Anti-Islamization Immigration multiculturalism UK


Brits tired of all that dawa

Face it. No people as a national group want to be made to feel uncomfortable or threatened as a people in their own country, whether it by in the UK, Morroco, Algeria or in Hong Kong. If this was being done in the reverse, it would be called colonialism and/or imperialism, but since it’s taking place in Europe, they’ve devised a new name for it, mutli-culturalism.
Hong Kong had experienced European ‘multi-culturalism’ back when the UK ruled the seven seas, with British areas of the city under the protection of the Crown. But they weren’t alone, there were other European enclaves within the city, and elsewhere, that were wrestled away from the sovereignty of the Chinese mainland as well. Why is it that, what happened back then was wrong, but now (in reverse) it’s ok?

H/T: Henrik

Britons are suspicious towards Muslims, study finds

The British public are concerned at the rise of Islam in the UK and fear that the country is deeply divided along religious lines, according to a major survey.
More than half the population would be strongly opposed to a mosque being built in their neighbourhood, the study found.
A large proportion of the country believes that the multicultural experiment has failed, with 52 per cent considering that Britain is deeply divided along religious lines and 45 per cent saying that religious diversity has had a negative impact.
Only a quarter of Britons feel positive towards Muslims, while more than a third report feeling “cool” towards them.
The findings, to be published later this month in the respected British Social Attitudes Survey, show that far greater opposition to Islam than to any other faith and reveal that most people are willing to limit freedom of speech in an attempt to silence religious extremists.
David Voas, professor of population studies at Manchester University, who analysed the data, said that people were becoming intolerant towards all religions because of “the degree to which Islam is perceived as a threat to social cohesion”.


NOTE: UNDhimmi has an excellent take on the same article:

It is not Muslim people as individuals that the British people, famous the world over for their sense of fairness and tolerance, are becoming distrustful of – but the massive, unexplained amount of support, forbearance and propaganda from politicians and the élite for this religion – which even the most liberal among us cannot deny presents enormous dilemmas and conflicts within the setting of a modern, pluralist state.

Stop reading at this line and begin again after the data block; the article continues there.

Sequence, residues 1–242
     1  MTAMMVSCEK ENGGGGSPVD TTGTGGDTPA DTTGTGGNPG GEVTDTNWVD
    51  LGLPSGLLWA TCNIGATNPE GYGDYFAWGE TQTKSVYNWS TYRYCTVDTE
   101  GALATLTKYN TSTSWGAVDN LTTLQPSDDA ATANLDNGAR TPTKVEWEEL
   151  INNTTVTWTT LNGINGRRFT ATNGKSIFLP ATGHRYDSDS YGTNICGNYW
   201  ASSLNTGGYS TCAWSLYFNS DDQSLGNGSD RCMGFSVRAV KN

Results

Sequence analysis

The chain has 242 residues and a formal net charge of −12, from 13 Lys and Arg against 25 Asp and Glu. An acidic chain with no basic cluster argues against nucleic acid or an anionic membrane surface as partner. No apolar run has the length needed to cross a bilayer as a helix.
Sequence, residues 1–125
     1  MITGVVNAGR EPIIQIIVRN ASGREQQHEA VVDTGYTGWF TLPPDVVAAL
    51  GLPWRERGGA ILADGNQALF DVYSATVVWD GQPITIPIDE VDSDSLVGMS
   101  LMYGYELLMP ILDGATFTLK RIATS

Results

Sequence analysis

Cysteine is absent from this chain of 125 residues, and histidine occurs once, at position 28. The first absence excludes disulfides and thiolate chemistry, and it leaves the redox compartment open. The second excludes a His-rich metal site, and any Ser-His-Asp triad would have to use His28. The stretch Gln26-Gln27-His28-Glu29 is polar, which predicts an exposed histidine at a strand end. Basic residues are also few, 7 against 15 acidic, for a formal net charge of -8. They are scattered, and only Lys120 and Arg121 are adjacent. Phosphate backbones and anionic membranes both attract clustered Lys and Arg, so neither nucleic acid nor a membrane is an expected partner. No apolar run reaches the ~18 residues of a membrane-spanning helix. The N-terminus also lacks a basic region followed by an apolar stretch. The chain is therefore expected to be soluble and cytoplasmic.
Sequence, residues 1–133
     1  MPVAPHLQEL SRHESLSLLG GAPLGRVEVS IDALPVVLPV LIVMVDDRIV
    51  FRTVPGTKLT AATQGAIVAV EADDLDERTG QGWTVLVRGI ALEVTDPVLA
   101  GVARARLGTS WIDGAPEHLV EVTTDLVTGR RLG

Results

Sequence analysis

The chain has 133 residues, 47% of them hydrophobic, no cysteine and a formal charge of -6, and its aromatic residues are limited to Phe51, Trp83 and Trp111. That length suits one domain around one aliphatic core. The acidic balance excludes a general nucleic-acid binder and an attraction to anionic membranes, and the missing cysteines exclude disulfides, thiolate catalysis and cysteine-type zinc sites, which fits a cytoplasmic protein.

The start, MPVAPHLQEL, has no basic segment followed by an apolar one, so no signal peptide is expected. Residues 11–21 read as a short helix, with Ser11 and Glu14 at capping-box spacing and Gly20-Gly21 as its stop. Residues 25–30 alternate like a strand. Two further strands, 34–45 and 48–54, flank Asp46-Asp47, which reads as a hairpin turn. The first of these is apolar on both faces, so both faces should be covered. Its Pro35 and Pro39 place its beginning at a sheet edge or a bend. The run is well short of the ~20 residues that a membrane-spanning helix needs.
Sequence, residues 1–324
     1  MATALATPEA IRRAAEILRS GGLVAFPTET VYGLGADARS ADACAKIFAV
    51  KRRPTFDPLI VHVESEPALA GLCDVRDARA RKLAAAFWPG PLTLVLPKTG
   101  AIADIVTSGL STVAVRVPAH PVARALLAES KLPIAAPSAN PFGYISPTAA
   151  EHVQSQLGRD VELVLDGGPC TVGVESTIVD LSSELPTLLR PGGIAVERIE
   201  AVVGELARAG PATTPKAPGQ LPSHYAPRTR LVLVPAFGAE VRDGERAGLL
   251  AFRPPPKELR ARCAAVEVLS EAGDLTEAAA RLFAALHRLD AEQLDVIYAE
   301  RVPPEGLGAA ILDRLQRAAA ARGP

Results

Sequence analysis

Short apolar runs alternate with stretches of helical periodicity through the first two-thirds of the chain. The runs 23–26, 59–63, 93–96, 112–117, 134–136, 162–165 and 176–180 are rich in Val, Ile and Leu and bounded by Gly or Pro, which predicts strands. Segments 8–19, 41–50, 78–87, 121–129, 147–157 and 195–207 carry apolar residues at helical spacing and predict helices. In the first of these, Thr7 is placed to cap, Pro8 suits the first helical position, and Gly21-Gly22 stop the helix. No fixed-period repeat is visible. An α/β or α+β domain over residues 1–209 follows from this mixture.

British politicians (particularly Labour governments of Tony Blair and Gordon Brown) and the EU have socially engineered a massive influx of Muslims into the country over the past decade or so – and despite recent reassurances this is showing no signs of letting up.

5 Responses

  1. I liked your introductory synopsis. Algeria is a special mention because they experienced a bloody (and largely unreported) civil war between Islamists and Nationalists between 1995 and 2002. An estimated 160,000 people perished.

    Even Muslim nations find Islamists a threat. However, they often times confront Islamists more readily. That is because unlike the liberal European states, Muslim nations understand that Islamists do not behave the way they do because of colonialism, poverty or "social injustice".

    Islamists are motivated by a religious teaching to establish an international Muslim empire; i.e. a Caliphate. This stands in stark contrast and competition to national movements like Algeria and Egypt.

    It even stands in the way of the national movement and nationalist sentiment in Iran. Hezbollah may consist of Shiite Muslims like those in Iran. However, Hezbollah is an ARAB organization. Iran is Persian. Changing the subject somewhat, I wonder if perhaps the conflict in Iran is between Iranian nationalists and Iranian Islamists. That might explain why both sides are so hostile to the West yet growing in hostility toward one another.

  2. Thanks very much for the mention.. I sometimes feel as though I'm banging my head against the wall writing this stuff for my fellow Brits, but it seems something is finally beginning to get through 😉


  3. Hi Un:dhimmi, you wrote a rather good piece which needed further dissemination around the internet. It's never been about the individual "mom&pop" Muslim, but about political Islam.

    It's also been about our mindless politicians and their bone-headed approach in trying to prop up the nanny state that has led to the current situation.

    Those who want to maintain the status quo and allow mass immigration to continue (read = colonization) will use every trick in the book to smear and labelus as racists and bigots.

    Facts be told, I wouldn't have anything against Muslims living next door if the ideology that they represent wasn't a political movement through and through.

    It is political, and so we must stand against it and protect our hard won liberties. Though there are many peaceful Muslims, there is no such thing as a peaceful Islam, and its history has to be taken into account when evaluating the impact they could have on our contintent.

    Thanks for doing your share.


  4. Sean

    I agree that there is a rather disturbing rise in 'active' secularism – and it must be noted here that my perspective is as someone who himself is not what you'd call particularly religious – but I'm afraid I don't see a causal link between this and the inchoate (but growing) Muslim backlash.

    Care to elaborate?


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